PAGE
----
Trump is not known for moderating his rhetoric, even while in office. But after his second year in the White House, the volume of his rhetoric about Muslims and terrorism fell dramatically as he shifted his focus to a new area: border security and illegal immigration.

That trend has continued into the current campaign. A VOA examination of his most recent social media posts and campaign statements found fewer than 20 references since the start of his reelection campaign, including only one mention of "radical Islamic terrorists."

That came last July when he announced that he'd reinstate a travel ban on several Muslim countries that he imposed during his first term in office and which Biden later repealed.

"We don't want people coming into our country that hate us. We want people that love us," he told a rally, citing anti-police riots in France sparked by the killing of a French Moroccan teenager.

Trump supporters dismiss his rhetoric about Muslims and terrorism as just that — rhetoric.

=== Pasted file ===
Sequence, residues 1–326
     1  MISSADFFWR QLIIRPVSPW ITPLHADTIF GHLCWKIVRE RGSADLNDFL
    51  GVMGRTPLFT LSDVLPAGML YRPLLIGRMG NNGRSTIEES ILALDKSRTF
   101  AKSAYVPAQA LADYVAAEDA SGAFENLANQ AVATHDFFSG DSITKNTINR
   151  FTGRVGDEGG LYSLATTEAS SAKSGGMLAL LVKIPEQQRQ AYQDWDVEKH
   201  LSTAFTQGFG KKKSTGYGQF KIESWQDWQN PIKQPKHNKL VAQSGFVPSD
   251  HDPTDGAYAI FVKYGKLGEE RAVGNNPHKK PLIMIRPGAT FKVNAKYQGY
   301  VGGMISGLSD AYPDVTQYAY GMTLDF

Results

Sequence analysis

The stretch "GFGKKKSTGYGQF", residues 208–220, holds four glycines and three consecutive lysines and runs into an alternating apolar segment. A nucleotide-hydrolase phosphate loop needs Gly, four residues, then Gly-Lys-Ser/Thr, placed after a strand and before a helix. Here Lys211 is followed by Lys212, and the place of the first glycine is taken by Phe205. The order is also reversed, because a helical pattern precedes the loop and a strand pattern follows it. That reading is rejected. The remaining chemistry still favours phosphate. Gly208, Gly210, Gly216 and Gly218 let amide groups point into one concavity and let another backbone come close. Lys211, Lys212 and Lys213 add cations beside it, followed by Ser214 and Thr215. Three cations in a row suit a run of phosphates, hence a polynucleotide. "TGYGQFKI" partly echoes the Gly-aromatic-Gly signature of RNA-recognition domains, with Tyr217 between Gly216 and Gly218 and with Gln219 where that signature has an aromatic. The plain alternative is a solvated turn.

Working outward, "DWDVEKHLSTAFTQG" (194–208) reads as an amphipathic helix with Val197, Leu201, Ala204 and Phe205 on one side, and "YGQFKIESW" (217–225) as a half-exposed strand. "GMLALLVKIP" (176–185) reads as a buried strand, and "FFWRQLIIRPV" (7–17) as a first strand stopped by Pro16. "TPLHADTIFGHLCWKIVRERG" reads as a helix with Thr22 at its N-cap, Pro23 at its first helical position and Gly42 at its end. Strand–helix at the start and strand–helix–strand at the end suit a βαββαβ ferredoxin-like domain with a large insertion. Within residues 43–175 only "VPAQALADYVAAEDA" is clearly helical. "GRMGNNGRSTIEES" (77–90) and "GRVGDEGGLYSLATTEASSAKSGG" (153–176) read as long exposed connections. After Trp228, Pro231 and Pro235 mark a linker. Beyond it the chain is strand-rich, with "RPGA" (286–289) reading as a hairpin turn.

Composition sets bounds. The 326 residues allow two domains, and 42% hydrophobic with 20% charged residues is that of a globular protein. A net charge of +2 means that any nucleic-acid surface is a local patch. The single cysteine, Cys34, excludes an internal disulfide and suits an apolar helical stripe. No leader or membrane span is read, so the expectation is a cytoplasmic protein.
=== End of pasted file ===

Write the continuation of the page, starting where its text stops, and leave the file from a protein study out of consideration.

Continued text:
"Let's forget about what this guy says. Let's look at what he does," a Muslim Republican activist said, speaking on condition of anonymity.

Another activist questioned whether Trump has ever said he hates Muslims, adding that more Muslims will likely vote for the former president than did in 2016.

But if there is one thing both Trump supporters and detractors agree on, it is that Trump will likely follow through on his vow to bring back the "Muslim ban."

"The legal structure that allowed the Muslim ban to be implemented in the first place is still on the books so we have to start planning as if a new Muslim ban will come into existence," said Corey Saylor, research and advocacy director for the Council on American Islamic Relations.